Another filmmaker who seems to delight in offering a challenge to his audience is Albert Serra, whose 2008 film Birdsong featured a 10 minute shot of a desert, in which the Three Wise Men walk to the horizon, only to realise they’ve gone the wrong way in their search for Jesus, and walk back towards the camera. It’s patience-testing cinema, but it’s also drolly absurd. His new film, Story of My Death, another festival winner (this time of the Golden Leopard at Locarno), imagines a meeting between Dracula and Casanova. Bound to be a challenging watch, this is nevertheless a film that fans of slow cinema should jump at the chance to see.
More likely to appeal to wider audiences are The Double and Kill Your Darlings. In the former, an undervalued clerk in a faceless office is confounded when his doppelganger gets a job at his company. Richard Ayoade’s follow-up to Submarine, the film offers a modern-day take on Dostoyevsky’s classic novella. Kill Your Darlings, meanwhile, offers the spectacle of seeing Daniel Radcliffe as beat poet Alan Ginsberg. It might sound like strange casting, but early buzz is extremely positive – both for Radcliffe’s performance, and for the work of debut director John Krokidas. The Double plays in the Official Competition, and Kill Your Darlings in the First Feature Competition. The Documentary Competition, meanwhile, promises new films by three of cinema’s great documentations: Frederick Wiseman (At Berkeley, a four hour documentary about funding cuts to the eponymous University), Mark Cousins (Here Be Dragons, about the politics and culture of Albania) and Nicolas Philibert (La Maison de la Radio, which takes us behind-the-scenes of Radio France). The ‘Debate’ strand, meanwhile, offers us Claude Lanzmann’s The Last of the Unjust, which features an interview with Benjamin Murmelstein, Jewish Elder and former head of the ghetto at Theresienstadt concentration camp, originally shot for his landmark Shoah.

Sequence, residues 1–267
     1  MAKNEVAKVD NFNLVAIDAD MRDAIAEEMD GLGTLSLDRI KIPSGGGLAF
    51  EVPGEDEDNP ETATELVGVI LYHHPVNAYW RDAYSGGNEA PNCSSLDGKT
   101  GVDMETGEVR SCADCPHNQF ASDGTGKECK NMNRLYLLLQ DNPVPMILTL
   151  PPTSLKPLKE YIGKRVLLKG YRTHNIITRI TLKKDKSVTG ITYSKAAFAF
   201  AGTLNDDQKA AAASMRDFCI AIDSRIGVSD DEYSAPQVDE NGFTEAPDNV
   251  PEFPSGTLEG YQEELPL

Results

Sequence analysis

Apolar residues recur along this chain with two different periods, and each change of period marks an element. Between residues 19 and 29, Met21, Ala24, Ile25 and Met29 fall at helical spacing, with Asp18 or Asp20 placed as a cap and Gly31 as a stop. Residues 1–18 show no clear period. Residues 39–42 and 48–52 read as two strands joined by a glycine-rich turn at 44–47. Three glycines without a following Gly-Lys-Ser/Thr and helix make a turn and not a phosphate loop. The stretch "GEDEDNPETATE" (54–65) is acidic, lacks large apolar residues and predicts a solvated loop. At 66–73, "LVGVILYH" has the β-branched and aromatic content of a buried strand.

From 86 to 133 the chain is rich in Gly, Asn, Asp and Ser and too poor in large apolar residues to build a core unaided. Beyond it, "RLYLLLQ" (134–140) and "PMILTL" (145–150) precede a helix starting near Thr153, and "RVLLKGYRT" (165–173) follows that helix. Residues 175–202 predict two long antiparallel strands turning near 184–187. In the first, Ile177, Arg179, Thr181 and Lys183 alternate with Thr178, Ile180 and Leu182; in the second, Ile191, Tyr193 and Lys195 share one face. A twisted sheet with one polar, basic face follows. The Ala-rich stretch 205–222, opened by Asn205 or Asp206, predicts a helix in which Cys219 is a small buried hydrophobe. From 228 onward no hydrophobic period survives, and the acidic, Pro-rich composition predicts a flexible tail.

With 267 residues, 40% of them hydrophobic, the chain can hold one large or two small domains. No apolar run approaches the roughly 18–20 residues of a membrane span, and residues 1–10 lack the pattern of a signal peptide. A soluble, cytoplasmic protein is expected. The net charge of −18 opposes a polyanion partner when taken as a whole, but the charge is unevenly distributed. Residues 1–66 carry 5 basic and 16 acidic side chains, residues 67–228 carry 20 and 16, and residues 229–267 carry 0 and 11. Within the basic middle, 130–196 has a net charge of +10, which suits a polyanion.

For those after something more light-hearted than a 218 minute holocaust documentary, the ‘Laugh’ strand offers the chance to see new films by two members of what was once unfairly dubbed ‘Mumblecore’: Joe Swanberg and Andrew Bujalski. Swanberg’s Drinking Buddies may find the filmmaker working with established cast and crew, but indications are that his focus on character and improvisation remain, and the film has been taking America by storm. Bujalski’s Computer Chess, meanwhile, has been picked up for release by Eureka’s Masters of Cinema series – which is surely recommendation enough within itself.
At the festival’s launch, there was much talk of the number (and the strength) of British films in the programme. Perhaps the most anticipated of these are Clio Barnard’s The Selfish Giant (which wowed at Cannes) and Joanna Hogg’s Exhibition, about the memories which surface when a couple of artists sell their home. And then there is, of course, what is for some (myself included), the most heavily awaited film of the festival: Jonathan Glazer’s Under the Skin. In the early 2000s, Glazer seemed, along with Lynne Ramsay, to be not only one of the most exciting directors in Britain, but in the world. And then, much like Ramsay, Glazer seemed to disappear after his second film (2004’s outright masterpiece, Birth). Let’s hope, then, that Under the Skin, in which Scarlett Johansson plays an alien stalking human pray in Scotland, delivers on the promise of Glazer’s previous work and that, much like Ramsay’s We Need to Talk About Kevin, it will prove to be a triumphant return. One thing’s for sure, though: Under the Skin is the film to see at this year’s LFF.